Simon Briercliffe, Black Country Living Museum
BCLM: Forging Ahead: recreating a post-war Black Country high street at the Black Country Living Museum
Black Country Living Museum’s current Forging Ahead project is an ambitious plan to build a new 1940s-1960s town centre and industrial area at our site in Dudley, based on real lives and real stories. The research to date has thrown up numerous stories which show how architecture and material culture were formed by, and in turn informed, the everyday lives of residents in the Black Country. This post highlights the story of a record and music shop in Dudley town centre to discuss the evolution of class, gender and taste in post-war Britain.
James Stanton founded a piano-tuning business in 1870, moving swiftly into piano and harmonium sales to capitalise on burgeoning middle-class aspirations in an otherwise working-class region. Stanton opened a shop on Dudley’s Castle Street in 1895 and was well established by the time Stanton’s daughter-in-law Florence Stanton took over as director in 1932. Under the management of Jimmy Nash, they expanded into gramophones, radios and records, though they still specialised in pianos – a 1937 payment book in our collection shows the careful instalments with which a furnaceman, Harry Hobbs, saved for a piano for his son Dennis. Stanton’s was thus well-placed to serve the new prosperity of the Black Country post-World War Two, and diversified further. A team of engineers travelled the area providing after-care, and visually-impaired piano tuners were employed by the shop to tune pianos they had sold. Records for Dudley’s rock’n’roll-conscious youth and hymnbooks for its churchgoers lined the shelves, alongside pianos, other musical instruments, tape recorders, radiograms, televisions – and record players.
Stanton’s music shop, Castle Street, Dudley, in the early 1950s. (c) Dudley Archives and Local History Service, Castle Street, Dudley, October 1957 pst/427.
The Black Country was one of the highest-paid manufacturing districts in the country. Its factories were turning out millions of components and consumer items, which the area’s working class were now in a position to buy. The boom industry was car components – the famous Beans foundry nearby in Tipton could produce 500 tons of castings a week – but everything from buses to washing machines were built there too. One of the firms that took advantage of this was Birmingham Sound Reproducers (BSR). Despite the name – a Black Country resident never admits to being from Birmingham – the firm was founded in a workshop on Perry Park Road, Old Hill, just four miles from Dudley, formerly used to manufacture bellows for the nailmaking industry. Its founder, Dr Daniel McDonald was an electronics expert and this came to fruition in the early 1950s when he offered his new automatic turntable changer to J. & A. Margolin Ltd. and suggested a name for their record player: the “Dansette.”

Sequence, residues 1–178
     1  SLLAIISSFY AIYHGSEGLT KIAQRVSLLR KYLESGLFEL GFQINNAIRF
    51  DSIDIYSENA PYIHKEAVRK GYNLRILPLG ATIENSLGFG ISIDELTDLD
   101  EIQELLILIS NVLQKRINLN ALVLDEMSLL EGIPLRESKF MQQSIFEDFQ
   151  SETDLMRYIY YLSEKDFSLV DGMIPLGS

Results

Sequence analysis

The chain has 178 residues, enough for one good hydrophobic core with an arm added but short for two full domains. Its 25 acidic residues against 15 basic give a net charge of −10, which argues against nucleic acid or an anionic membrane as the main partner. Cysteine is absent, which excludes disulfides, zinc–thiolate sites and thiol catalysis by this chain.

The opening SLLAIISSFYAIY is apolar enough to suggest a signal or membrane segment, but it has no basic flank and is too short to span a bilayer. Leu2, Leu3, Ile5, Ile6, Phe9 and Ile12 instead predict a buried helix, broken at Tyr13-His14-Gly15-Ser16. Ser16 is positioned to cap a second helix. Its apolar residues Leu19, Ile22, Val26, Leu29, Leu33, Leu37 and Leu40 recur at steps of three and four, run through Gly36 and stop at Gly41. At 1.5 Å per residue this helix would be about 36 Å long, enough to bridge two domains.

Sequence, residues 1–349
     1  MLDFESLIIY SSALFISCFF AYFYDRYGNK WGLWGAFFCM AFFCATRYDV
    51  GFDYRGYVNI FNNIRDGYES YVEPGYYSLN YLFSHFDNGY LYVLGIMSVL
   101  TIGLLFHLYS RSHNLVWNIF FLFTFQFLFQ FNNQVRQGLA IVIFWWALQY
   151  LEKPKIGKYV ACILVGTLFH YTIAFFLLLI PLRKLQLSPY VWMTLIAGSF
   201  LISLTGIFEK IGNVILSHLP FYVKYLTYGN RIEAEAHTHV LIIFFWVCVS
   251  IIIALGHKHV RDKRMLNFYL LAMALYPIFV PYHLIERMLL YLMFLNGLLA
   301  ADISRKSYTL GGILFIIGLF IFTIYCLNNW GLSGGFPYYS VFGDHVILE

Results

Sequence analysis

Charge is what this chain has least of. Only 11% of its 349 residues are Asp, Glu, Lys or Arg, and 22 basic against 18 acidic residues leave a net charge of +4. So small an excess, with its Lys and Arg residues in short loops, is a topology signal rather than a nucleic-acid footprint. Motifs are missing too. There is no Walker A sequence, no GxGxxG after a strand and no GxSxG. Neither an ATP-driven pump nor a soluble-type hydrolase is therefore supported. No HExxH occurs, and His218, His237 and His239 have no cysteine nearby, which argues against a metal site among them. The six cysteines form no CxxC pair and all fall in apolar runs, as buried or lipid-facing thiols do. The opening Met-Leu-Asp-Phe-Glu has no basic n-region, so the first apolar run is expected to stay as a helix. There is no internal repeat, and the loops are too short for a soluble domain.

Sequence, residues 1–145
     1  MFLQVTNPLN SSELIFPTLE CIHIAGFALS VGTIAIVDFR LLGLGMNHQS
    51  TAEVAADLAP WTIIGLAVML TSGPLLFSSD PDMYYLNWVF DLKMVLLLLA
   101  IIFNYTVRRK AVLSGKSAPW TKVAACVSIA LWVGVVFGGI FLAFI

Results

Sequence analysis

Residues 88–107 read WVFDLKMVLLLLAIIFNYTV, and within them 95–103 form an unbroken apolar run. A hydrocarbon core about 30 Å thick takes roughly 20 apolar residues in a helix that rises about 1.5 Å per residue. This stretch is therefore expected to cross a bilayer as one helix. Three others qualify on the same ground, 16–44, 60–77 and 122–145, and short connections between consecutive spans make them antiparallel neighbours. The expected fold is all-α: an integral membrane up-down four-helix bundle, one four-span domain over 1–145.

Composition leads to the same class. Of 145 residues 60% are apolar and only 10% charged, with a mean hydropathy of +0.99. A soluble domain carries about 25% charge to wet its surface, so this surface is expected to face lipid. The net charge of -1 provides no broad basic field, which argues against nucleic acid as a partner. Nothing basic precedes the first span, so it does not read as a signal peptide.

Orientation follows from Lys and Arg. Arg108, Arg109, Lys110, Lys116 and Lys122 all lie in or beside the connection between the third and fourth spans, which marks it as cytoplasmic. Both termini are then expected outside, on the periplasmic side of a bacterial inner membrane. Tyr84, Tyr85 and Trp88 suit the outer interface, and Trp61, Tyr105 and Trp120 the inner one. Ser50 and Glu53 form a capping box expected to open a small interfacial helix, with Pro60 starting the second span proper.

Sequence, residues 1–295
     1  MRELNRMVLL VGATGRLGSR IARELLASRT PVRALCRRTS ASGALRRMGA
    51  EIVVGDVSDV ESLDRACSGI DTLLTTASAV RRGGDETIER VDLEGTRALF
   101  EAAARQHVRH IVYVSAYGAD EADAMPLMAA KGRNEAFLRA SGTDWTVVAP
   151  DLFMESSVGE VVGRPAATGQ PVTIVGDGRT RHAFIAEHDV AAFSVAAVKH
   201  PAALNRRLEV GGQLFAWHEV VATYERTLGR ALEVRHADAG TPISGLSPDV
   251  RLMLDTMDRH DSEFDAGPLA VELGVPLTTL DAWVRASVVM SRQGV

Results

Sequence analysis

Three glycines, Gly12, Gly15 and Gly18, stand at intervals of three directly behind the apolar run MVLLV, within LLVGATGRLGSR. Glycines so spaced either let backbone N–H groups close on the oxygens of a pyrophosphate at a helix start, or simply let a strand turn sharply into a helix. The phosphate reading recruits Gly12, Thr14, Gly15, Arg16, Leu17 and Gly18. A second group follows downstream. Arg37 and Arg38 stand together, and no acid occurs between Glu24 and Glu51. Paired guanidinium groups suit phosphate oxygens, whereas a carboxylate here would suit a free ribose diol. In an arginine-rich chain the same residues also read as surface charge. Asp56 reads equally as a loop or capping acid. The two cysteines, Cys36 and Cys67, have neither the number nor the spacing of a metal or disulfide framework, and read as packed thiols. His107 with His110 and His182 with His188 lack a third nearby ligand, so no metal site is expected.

1958 Dansette Major Deluxe, donated to the Black Country Living Museum in March 2018. The record player features a BSR UA8 auto-changing turntable, loaded with records purchased from Stanton’s in 1958.
Morris Margolin emigrated from Russia to London and was working as a cabinet maker when he built a record player attached to a wireless set – the first radiogram. The Dansette was in a different league though: it was affordable, portable, and immensely popular with the newly-affluent working-class teenager, and its BSR autochanger was key to its success. As Tom Perchard has noted recently they were a symbol of personal taste, from musical to aesthetic, and served to differentiate teenagers’ musical worlds from the more genteel tastes of their parents’ generation. BSR soon expanded into a huge factory at Old Hill and another at Wollaston, near Stourbridge. They were a well-known employer of women on the assembly line, emphasising those blurred ties between work, home and leisure noted by Stephen Brooke. Even today, it’s rare to find someone born in these towns whose mum, nan or auntie didn’t work at “the BSR” at some point. Their employability was directly related to regional and national economies, the industry of the Black Country tied up intimately with national and global cultural changes.
Although the building became tired and was replaced by a new flagship store in 1961, Stanton’s had proved highly adaptable during its tenure in Dudley. From pianos and organs, they had met a changing market and become the place to go to hear the latest 45s, and to buy the Dansette to play them on. But where pianos had been evidence of the aspiration of the working class to take on middle-class Victorian values, these record players represented the changing social status and purchasing power of the British working class. Stanton’s, BSR and the Dansette were thus emblematic of the post-Second World War Black Country, demonstrating both the changes and continuities of local cultures of work, taste and gender in the era. The record player will take pride of place in a recreated Stanton’s to explain this kind of history.
Black Country Living Museum is still searching for memories of Stanton’s in the 1950s. Please contact the Collections team on firstname.lastname@example.org, or 0121 557 9643.
 Tom Perchard, ‘Technology, Listening and Historical Method: Placing Audio in the Post-War British Home’, Journal of the Royal Musical Association 142, no. 2 (3 July 2017): 367–399.
 Stephen Brooke, ‘Gender and Working Class Identity in Britain during the 1950s’, Journal of Social History 34, no. 4 (2001): 773–95.
Simon Briercliffe is a historical researcher at Black Country Living Museum, working on the HLF-funded Forging Ahead project which aims to tell the history of the Black Country in the post-war period. He is also a doctoral researcher at the University of Birmingham, researching space and Irish immigration in Victorian Wolverhampton.